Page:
Medications update on the use Cannabinoids (CBD)

Medications update on the use Cannabinoids (CBD)

Cannabinoids (CBD)

Courtesy of National Reining Horse Association

With “Respect the horse. Respect the sport.” being a foundational piece of NRHA’s mission, the National Reining Horse Association tasks itself with monitoring trends in competition, as well as new products presented to owners and riders. From time to time, new products appear on the equine supplement market claiming to enhance a horse’s performance. Over the last several years, cannabinoids have gained increased attention and have become nearly mainstream.

In 2018 Congress passed the Agriculture Improvement Act, also known as the “Farm Bill.” The passage of this bill has created some potential confusion with respect to the use of “hemp” and delta-9-tetrahydrocannabinol (THC) in competing horses. The bill defines “hemp” as both the plant Cannabis sativa L. and any derivatives of cannabis with less than 0.3% THC. With the enactment of this bill, “hemp” is no longer considered a controlled substance under federal law, but THC remains a Schedule I drug with the Drug Enforcement Agency (DEA).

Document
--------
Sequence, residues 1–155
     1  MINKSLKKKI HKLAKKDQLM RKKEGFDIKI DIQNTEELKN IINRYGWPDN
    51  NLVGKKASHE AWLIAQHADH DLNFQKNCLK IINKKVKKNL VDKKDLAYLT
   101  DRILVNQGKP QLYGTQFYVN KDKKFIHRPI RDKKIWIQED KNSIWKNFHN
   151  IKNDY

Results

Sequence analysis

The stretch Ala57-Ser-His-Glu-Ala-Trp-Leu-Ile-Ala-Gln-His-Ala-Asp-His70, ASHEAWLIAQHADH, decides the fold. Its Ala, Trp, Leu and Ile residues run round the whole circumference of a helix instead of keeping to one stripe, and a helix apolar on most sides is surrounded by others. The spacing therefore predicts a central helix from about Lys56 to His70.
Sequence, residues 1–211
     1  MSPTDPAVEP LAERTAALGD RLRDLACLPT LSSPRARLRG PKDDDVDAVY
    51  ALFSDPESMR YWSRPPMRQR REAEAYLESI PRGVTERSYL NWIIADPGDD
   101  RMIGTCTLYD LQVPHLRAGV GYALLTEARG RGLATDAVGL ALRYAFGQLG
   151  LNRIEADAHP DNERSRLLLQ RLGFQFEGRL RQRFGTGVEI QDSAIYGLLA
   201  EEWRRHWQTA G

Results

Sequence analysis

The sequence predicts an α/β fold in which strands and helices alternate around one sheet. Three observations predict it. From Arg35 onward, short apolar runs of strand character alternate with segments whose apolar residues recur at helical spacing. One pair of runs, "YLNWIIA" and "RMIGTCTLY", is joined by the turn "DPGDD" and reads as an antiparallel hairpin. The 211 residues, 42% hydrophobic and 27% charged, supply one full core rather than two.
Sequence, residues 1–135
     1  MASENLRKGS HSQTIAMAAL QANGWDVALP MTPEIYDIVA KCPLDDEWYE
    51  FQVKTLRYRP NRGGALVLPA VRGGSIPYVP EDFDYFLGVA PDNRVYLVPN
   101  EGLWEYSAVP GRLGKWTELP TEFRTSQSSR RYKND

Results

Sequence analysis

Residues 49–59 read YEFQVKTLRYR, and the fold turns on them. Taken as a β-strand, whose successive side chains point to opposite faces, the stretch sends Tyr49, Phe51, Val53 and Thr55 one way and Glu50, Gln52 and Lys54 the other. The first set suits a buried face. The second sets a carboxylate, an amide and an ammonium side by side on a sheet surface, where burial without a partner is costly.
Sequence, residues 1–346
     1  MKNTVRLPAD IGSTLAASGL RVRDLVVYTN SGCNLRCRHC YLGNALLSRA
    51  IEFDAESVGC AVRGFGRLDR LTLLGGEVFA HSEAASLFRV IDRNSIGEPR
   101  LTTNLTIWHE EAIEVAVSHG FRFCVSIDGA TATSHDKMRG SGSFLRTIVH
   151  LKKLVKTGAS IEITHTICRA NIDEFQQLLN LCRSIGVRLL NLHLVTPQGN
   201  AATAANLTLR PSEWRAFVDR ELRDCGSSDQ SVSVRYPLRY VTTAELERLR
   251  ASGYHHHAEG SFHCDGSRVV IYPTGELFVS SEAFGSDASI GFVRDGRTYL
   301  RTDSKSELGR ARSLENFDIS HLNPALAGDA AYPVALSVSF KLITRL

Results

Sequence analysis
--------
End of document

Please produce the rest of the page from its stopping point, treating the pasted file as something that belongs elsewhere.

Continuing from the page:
NRHA Animal Welfare and Medications Rules prohibit cannabidiols (CBD) and their metabolites. While hemp does not contain more than 0.3% THC, it does contain CBD. CBD, both natural and synthetic forms, are likely to affect the performance of a horse due to its reported anxiolytic effects. This substance is no different than legitimate therapeutics that effect mentation and behavior in horses. Horses competing at NRHA events and under NRHA rules who test positive for natural cannabinoids, synthetic cannabinoids, and other cannabimimetics will be considered in violation of the rules.

It is important to note that analytical methods are being implemented to detect CBD and similar cannabinoids. Caution is important when using these products as their composition widely varies and may not be representative of their label claims as there is no regulatory oversight from the FDA, nor guarantee of their safety in horses. It is always best to consult your veterinarian before administering any new substance to your horse.

If you have questions on NRHA Animal Welfare and Medications Rules regarding medications, dosages, withdrawal times, etc., please contact the hotline at 1-800-733-2472.